In one of The Wall Street Journal‘s frequent debate articles, this time about whether businesses should allow employees to use social media at work, a couple of comments made by the pro-use debater jumped out at me.
When I first began helping companies use Twitter and Facebook more than a decade ago, every organization started with this question: how can we use social media without compromising our security and privacy obligations?
The answer to this question seems straightforward, yet the debater equivocated. While a business needs access to social media for its advertising and other communications with current and future customers, the plain fact, made all the more plain with recently revealed misbehaviors of Facebook and Twitter, is that businesses cannot use social media without severe risk of compromising their security and privacy obligations. The business models of social media like Twitter and Facebook depend on exploiting exactly those privacy data, and those enterprises—and not only Twitter and Facebook—have shown themselves incapable of maintaining security regarding those data.
And this one:
The same kind of risk/benefit assessment applies to the use of personal social-media accounts by employees.
While it is true that companies can reduce risk if they ban personal social-media use during business hours, discourage employees from making any online references to their work and maybe even ban personal smartphones from the workplace, that is a terrible idea for the same reason companies now embrace social-media marketing: you can’t be a successful company in the social-media era unless you accept some level of social media-related risk.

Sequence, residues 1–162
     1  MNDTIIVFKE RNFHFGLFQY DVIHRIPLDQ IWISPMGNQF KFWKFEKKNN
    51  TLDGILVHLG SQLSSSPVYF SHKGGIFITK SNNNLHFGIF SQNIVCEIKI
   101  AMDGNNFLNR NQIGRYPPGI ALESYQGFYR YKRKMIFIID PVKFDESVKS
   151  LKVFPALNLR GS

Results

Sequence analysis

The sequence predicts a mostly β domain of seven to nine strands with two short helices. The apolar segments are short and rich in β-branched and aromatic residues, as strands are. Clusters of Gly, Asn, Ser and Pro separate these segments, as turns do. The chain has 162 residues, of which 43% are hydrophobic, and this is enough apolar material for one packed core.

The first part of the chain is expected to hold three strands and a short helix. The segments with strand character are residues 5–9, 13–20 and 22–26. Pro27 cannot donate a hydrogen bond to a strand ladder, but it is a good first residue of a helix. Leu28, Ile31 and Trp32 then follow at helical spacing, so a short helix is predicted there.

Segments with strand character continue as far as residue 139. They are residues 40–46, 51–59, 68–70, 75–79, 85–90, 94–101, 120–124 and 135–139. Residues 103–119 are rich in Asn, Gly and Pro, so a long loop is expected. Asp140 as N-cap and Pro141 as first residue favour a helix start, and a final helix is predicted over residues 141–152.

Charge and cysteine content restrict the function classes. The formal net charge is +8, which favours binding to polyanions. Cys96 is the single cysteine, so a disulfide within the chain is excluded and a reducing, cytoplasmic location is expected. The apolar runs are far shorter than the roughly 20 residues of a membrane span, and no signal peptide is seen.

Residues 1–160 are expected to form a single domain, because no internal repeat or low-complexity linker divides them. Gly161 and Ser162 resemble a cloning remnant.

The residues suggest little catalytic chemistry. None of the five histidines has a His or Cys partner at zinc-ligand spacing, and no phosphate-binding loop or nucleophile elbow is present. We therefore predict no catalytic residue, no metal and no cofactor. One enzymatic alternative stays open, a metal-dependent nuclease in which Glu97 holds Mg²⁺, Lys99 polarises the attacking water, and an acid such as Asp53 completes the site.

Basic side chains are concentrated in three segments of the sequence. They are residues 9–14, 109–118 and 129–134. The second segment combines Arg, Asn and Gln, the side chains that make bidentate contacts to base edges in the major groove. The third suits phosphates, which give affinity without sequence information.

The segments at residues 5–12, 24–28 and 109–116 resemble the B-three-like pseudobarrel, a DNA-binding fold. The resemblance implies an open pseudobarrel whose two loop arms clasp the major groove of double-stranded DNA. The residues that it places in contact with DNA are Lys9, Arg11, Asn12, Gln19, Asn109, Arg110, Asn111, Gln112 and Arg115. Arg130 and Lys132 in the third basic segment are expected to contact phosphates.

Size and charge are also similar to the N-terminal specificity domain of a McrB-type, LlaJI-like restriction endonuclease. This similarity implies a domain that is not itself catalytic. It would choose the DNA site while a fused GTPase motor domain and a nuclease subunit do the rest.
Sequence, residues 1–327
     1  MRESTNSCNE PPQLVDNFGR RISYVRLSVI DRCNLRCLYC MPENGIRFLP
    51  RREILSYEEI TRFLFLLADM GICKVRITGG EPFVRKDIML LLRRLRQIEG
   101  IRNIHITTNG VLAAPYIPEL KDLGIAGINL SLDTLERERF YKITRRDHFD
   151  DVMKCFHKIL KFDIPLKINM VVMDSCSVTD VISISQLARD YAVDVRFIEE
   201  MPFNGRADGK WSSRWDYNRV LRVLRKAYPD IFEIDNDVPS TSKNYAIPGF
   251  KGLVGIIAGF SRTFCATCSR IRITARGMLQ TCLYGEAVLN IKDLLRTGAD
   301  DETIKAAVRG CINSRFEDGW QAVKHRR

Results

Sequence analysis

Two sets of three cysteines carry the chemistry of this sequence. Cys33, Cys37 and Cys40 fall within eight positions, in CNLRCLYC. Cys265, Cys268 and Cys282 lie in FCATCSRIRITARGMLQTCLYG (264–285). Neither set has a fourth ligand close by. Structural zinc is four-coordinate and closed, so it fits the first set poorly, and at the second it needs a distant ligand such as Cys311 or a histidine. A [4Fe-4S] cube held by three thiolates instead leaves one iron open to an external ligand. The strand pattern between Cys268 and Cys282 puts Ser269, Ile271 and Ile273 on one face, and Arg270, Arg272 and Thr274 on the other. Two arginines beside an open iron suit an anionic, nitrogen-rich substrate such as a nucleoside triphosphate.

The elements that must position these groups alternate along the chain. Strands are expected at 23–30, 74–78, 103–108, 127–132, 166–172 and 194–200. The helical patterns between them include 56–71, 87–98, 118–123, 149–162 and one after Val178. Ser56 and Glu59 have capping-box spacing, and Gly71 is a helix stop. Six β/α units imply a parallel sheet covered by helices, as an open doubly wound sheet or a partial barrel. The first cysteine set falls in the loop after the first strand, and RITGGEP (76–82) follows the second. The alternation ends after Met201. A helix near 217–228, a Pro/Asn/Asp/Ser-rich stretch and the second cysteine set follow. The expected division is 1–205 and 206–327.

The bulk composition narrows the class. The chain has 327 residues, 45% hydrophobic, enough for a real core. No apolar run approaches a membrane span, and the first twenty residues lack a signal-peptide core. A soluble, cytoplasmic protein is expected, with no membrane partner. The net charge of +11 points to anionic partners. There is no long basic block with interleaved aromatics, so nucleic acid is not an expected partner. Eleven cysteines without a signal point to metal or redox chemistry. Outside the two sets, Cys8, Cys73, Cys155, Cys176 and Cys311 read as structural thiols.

This is just flat wrong. In the first place, there’s no reason at all an employee should be conducting personal business on company time and company equipment. Normal breaks and lunch hours answer the first part, but it’s still company equipment.
More importantly, the claim of no success without employees on social media is wrong. I worked for one of the most successful defense contractors in the world in our niche of the industry. Along with hundreds of fellow employees I worked behind a cipher lock. No radios (and so no cell phone), no personal tablets or laptops or the like, we were air-gapped from the Internet. We survived the isolation. In fact, we thrived in that environment, and so did our company. Companies that don’t do classified work still do proprietary work. There’s no more need for those employees to access the Internet than there was for us. They’ll thrive, too. Saying a business just must surrender and accept social media-related risk is nothing but a quitter’s attitude.
And: any company is better off operating short-handed than operating with an employee who will put the company at risk with his own security errors, especially if those errors flow from doing personal business on company time or equipment.